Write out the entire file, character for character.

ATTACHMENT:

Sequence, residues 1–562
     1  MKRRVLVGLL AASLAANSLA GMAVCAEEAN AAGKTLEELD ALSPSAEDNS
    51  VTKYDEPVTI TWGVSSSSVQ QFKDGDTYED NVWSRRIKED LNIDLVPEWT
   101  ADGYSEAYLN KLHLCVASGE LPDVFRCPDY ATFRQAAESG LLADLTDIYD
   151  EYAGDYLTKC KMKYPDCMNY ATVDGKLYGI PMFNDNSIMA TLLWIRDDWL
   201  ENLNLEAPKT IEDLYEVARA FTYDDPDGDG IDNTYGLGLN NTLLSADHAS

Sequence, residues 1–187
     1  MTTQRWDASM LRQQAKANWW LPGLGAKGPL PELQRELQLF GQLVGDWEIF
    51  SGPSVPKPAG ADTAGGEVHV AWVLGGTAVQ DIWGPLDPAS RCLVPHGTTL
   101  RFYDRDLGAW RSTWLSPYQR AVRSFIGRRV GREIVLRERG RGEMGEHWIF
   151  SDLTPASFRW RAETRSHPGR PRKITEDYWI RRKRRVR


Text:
Sequence, residues 1–562
     1  MKRRVLVGLL AASLAANSLA GMAVCAEEAN AAGKTLEELD ALSPSAEDNS
    51  VTKYDEPVTI TWGVSSSSVQ QFKDGDTYED NVWSRRIKED LNIDLVPEWT
   101  ADGYSEAYLN KLHLCVASGE LPDVFRCPDY ATFRQAAESG LLADLTDIYD
   151  EYAGDYLTKC KMKYPDCMNY ATVDGKLYGI PMFNDNSIMA TLLWIRDDWL
   201  ENLNLEAPKT IEDLYEVARA FTYDDPDGDG IDNTYGLGLN NTLLSADHAS

Sequence, residues 1–187
     1  MTTQRWDASM LRQQAKANWW LPGLGAKGPL PELQRELQLF GQLVGDWEIF
    51  SGPSVPKPAG ADTAGGEVHV AWVLGGTAVQ DIWGPLDPAS RCLVPHGTTL
   101  RFYDRDLGAW RSTWLSPYQR AVRSFIGRRV GREIVLRERG RGEMGEHWIF
   151  SDLTPASFRW RAETRSHPGR PRKITEDYWI RRKRRVR